What’s so brilliant about Alt-J is that they show absolutely no sign of compromising, no sign of sounding like anyone else and no sign of writing an ‘obvious’ hit. Yet Alt-J are almost a contradiction of their own terms, for although Relaxer is even more weird, even more out there than their two previous releases they remain as popular as ever. 

Relaxer takes on medieval and pastoral folk, art-rock and loose jerky oddball tunes that reference the likes of Truman Capote and Shakespeare and throw in guest vocals by Ellie from Wolf Alice and Marika Hackman for good measure. It is one of those albums that you’ll either get or it will leave you scratching your head. (Pitchfork for example gave the record 4.5/10 and said: “Relaxer shows us what remains after the quirks are dialled back: some perfectly nice, perfectly blank lads who have no idea why they are standing in front of you and even less of an idea what to say.)” I think this is way off the mark, but that's taste and opinion for you - we're all different.

For me this is a brilliantly inventive piece of work created from a dizzying sonic palette that varies from the gentle hymnal to dirty sneering garage rock (relaxing as the title suggests it isn't - it will make you head whirl). It’s a difficult one to unravel, but if you spend some time with it (maybe Pitchfork didn't?), it brings reward and adds to the argument that Alt-J remain one of the UK’s more ambitious bands in terms of their ability to create music that sits outside the box.

Alt-J - In Cold Blood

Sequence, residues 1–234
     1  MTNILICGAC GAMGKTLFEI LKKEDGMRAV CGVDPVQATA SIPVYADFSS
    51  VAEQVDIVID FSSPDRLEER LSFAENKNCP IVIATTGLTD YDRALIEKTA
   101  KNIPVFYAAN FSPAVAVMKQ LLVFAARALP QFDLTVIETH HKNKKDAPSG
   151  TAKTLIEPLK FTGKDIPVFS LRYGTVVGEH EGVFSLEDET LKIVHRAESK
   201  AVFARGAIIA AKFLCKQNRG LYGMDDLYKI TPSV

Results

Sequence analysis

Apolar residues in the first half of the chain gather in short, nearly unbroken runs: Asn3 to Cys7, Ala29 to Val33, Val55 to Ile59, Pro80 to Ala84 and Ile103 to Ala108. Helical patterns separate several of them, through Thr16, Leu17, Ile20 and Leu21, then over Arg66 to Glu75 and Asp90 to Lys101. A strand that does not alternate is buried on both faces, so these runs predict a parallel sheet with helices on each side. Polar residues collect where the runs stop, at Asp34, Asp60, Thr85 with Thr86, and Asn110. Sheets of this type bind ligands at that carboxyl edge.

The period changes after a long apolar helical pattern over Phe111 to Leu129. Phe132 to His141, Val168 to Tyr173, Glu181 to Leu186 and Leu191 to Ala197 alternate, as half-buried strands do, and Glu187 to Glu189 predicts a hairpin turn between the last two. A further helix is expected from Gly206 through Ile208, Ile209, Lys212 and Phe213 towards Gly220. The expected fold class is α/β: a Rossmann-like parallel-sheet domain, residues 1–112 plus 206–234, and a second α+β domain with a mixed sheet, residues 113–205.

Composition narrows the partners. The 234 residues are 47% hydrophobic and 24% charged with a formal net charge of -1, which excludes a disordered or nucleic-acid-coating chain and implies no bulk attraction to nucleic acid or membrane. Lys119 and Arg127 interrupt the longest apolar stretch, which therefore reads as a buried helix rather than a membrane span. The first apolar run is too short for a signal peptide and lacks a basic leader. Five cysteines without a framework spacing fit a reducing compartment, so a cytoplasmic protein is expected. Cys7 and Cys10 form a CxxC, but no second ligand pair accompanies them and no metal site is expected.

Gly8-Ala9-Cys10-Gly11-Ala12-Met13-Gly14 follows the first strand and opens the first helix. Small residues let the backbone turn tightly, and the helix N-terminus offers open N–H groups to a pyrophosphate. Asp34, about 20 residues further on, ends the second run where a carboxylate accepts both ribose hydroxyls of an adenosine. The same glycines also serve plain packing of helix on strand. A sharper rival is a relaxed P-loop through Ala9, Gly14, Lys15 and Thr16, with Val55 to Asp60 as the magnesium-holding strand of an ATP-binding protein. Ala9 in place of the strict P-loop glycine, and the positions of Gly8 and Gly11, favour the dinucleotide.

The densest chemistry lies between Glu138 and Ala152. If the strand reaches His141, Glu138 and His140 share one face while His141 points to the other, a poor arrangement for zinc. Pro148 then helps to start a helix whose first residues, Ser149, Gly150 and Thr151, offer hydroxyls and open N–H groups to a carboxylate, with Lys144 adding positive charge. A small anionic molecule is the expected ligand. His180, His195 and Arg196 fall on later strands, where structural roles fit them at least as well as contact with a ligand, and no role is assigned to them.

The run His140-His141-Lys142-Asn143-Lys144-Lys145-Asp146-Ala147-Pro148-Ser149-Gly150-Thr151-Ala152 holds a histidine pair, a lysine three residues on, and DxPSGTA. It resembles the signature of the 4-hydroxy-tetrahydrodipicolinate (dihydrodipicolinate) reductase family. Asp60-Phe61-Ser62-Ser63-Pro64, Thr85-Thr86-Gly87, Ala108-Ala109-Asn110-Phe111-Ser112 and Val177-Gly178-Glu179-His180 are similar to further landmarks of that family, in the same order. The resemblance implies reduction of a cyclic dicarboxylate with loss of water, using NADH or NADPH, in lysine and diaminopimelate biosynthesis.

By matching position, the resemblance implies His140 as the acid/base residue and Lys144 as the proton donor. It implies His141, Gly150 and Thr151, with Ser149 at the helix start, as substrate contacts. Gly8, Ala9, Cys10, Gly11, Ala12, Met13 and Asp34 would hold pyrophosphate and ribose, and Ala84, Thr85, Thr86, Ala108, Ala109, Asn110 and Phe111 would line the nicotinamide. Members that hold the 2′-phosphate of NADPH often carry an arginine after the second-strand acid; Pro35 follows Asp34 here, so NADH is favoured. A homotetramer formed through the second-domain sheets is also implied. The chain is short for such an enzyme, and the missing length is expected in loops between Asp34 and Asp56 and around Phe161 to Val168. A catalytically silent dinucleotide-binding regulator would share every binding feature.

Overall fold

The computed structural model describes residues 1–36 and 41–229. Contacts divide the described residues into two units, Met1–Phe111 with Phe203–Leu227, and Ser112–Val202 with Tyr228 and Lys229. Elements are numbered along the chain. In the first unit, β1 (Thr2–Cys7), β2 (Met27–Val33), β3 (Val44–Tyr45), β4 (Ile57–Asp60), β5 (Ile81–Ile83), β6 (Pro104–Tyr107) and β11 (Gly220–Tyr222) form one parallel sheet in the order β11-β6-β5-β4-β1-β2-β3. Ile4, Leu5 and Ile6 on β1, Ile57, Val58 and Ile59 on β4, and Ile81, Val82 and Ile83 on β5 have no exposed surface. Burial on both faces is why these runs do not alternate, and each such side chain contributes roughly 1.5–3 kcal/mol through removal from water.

Favourite Albums of 2017 #11 Brian Eno - Reflection

At over an hour long and formed from just one track, Brian Eno probably wasn’t going to be earning much money from Spotify streams for Reflection, his latest ambient opus, but that probably wasn’t his concern having had a long and sustained career in the music industry.

Eno described Reflection as 'generative' because whilst you can buy the recorded version on CD, vinyl or hit up the stream, Reflection was also available as an app where there were no restrictions, allowing the software to create an endless and constantly changing piece of music. Reflection’s gentle thrums create a slow release of soundscapes that are the equivalent of watching ripples of a pond; hypnotic, gentle and ever changing.

Released on New Year’s Day in 2017 it could be argued that Reflection was the perfect hangover cure album as it was so beautifully introspective and calming. But it wasn’t just designed for just that day. By the end of the year it’s still a record to come back to.

Brian Eno - Reflection

Favourite Albums of 2017 #12 Alice Jemima - Alice Jemima

It should come as absolutely no surprise that Alice Jemima’s debut long-player finds itself on the Breaking More Waves’ albums of 2017 list. After all this blog has undoubtedly featured more posts about Alice’s music than any other since I first wrote about her way back in 2011 and featured the songs Won’t take You For Granted and Ain’t It Funny.

The eponymous debut brings together eleven originals and her Soundcloud conquering cover of No Diggity (thankfully unaltered from the original bedroom studio version) with a chilled blend of post-XX singer songwriter guitar pop painted with flourishes of electronics. Working predominately with producer Roy Kerr, Alice has created a record that works best at each end of the day. The lusty So and the smooth When You Dance Like That can ease you out of bed gradually in the morning but also can coax you back much later with their intimate night time glow. Songs about falling in, being and falling out of love are the order of the day although the deviations into murder mysteries (Cocoa Liquor) and money and trying to please other people (Liquorice) not only provide lyrical diversions, but musical ones as well – Jemima even breaking out into spoken word / rap for the latter.